Fishing Season is Here!

The author surfcasting in Little Compton, Rhode Island

Striped Bass Season in Lloyd Harbor

Fishing season is just heating up, and I have been spending every available minute I can out on my boat or surfcasting from the shores of Lloyd Neck, looking for fish. Last week was a great prelude to the season. We were fortunate to be in Hyannis Port at my friend Vince’s, and we hitched an early morning ride on his 28-foot Chris Craft, hoping to give our kids some fishing action, trolling the bottom for inedible (but easy to catch) “scuppers.” Instead, we lucked into a frothing pod of bluefish, which practically flew onto the boat.Back in Long Island, the other night found my brother-in-law and I out near the jetty by the “Sand Hole” in Lloyd Neck, tossing out silver poppers into the surf. The night was perfect, with a light, cool breeze keeping the majority of mosquitoes away, and a few cold beers to keep our elbows well lubricated for casting.

Paul’s third cast resulted in a 10-inch small striper, which we released back into the sound. We fished the same lures for another hour. I got a tremendous hit, which resulted in my line snapping (note to self: change your line more than every 5 years!) and much cursing. Although no more action was to be had, the take-away was clear: the stripers are definitely on the North Shore right now, and the action is only going to get hotter as September rolls along and the water cools down. Once you catch that big “hog” of a striper, you need to know what to do with it. Here is my recipe for a simple and delicious fillet of striped bass:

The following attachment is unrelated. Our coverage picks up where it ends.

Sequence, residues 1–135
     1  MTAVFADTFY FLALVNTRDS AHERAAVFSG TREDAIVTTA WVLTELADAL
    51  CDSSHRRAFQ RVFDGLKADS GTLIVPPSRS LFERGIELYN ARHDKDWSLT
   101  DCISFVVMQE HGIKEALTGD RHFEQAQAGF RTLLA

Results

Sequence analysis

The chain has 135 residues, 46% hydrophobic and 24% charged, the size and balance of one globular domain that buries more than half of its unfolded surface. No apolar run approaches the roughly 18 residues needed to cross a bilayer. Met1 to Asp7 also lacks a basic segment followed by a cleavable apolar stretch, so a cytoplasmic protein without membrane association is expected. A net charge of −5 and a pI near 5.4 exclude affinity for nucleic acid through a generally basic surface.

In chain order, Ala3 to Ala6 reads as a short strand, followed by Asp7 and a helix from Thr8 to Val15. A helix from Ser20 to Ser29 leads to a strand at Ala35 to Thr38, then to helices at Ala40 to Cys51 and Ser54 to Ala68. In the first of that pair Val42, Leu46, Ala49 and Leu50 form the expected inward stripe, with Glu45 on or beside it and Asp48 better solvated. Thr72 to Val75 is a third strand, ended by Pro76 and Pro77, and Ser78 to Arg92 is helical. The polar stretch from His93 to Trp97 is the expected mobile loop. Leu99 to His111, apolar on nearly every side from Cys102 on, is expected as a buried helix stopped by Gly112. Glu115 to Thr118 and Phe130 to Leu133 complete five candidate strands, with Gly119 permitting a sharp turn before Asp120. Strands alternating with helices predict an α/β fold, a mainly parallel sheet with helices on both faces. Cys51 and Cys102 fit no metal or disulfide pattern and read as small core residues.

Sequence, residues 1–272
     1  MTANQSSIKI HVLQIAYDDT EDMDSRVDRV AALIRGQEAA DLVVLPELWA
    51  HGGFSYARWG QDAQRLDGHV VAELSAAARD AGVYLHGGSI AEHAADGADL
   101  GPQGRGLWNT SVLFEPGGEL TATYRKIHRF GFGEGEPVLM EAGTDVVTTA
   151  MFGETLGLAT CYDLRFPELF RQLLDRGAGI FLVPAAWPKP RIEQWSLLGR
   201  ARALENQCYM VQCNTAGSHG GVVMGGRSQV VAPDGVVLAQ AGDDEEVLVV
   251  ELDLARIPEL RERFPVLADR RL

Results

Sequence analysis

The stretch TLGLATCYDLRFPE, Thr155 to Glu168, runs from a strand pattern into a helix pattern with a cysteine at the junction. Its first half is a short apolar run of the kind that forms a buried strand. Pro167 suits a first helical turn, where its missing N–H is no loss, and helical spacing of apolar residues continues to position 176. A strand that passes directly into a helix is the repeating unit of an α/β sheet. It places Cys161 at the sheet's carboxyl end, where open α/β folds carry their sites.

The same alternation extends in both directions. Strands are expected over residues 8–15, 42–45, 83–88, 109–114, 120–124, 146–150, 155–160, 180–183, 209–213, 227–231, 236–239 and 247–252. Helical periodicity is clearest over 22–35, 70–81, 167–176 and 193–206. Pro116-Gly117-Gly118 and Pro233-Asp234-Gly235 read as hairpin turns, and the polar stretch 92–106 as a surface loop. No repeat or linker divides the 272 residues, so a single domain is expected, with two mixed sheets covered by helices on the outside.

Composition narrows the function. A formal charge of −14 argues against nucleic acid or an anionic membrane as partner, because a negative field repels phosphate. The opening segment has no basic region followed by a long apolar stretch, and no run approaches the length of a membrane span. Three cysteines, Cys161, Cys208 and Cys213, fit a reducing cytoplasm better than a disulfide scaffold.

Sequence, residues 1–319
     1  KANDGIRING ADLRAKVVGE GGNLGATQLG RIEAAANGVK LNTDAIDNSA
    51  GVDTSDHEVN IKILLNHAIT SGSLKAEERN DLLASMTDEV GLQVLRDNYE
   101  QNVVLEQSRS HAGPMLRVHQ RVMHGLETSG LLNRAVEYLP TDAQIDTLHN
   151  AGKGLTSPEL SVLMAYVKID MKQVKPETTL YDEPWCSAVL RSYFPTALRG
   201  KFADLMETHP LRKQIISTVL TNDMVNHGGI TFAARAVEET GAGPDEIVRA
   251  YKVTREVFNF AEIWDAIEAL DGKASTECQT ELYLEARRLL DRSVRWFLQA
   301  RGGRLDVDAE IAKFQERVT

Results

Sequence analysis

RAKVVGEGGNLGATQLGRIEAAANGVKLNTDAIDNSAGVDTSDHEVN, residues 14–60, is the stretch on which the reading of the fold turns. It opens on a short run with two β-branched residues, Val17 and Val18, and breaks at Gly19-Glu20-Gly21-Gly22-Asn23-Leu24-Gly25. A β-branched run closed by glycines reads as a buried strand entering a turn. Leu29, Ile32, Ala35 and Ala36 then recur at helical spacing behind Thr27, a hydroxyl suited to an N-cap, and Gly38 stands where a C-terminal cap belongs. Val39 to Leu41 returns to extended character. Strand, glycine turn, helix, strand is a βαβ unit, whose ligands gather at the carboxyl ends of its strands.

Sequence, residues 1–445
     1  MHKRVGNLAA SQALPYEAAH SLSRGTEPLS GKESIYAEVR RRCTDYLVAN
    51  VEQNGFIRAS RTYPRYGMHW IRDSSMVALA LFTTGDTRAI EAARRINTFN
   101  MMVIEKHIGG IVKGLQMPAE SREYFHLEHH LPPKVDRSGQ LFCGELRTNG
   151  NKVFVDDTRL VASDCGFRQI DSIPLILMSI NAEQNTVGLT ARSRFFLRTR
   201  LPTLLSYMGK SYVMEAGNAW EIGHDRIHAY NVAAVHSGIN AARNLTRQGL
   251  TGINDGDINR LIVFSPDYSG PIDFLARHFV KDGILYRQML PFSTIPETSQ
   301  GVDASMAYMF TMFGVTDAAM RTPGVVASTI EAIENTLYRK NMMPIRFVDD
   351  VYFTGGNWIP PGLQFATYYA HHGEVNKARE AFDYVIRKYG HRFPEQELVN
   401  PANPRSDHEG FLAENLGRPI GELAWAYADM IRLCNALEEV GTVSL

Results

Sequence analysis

Broiled Striped Bass

Striped bass is a delicious fish, and needs little seasoning. For my money, there is nothing better than a filet of freshly caught striped bass roasted under the broiler. Serve with rice, sautéed spinach, and a jaunty Chardonnay for an easy, healthy meal.

The world famous "Krusty Krab" idles in Lloyd Harbor prior to slaughtering striped bass

2 pounds striped bass, filleted (about 4 portions)
½ cup white wine
¼ cup orange juice
¼ cup soy sauce
3 tablespoons olive oil
2 tablespoons fresh lemon juice
3 large cloves garlic, chopped
Salt and pepper to taste
Lemon wedges and parsley, for garnish

Mix the wine, orange juice, soy sauce, olive oil, lemon juice, chopped garlic, salt, and pepper together in a large bowl. Place the bass filets into the marinade, cover and refrigerate for a minimum of one hour. To cook, place the marinated filets on a buttered broiler pan, and cook about 5 inches from heat for 5 minutes. Turn the fish over, and cook for another 5 minutes. Garnish with lemon wedge and parsley.

[This article originally appeared in Canvas Magazine]

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